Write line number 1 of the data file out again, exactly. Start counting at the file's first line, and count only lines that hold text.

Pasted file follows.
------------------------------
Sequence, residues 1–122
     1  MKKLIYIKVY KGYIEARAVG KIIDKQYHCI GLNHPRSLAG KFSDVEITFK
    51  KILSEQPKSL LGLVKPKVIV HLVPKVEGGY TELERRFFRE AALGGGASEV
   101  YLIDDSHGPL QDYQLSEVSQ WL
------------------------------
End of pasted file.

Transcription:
Sequence, residues 1–122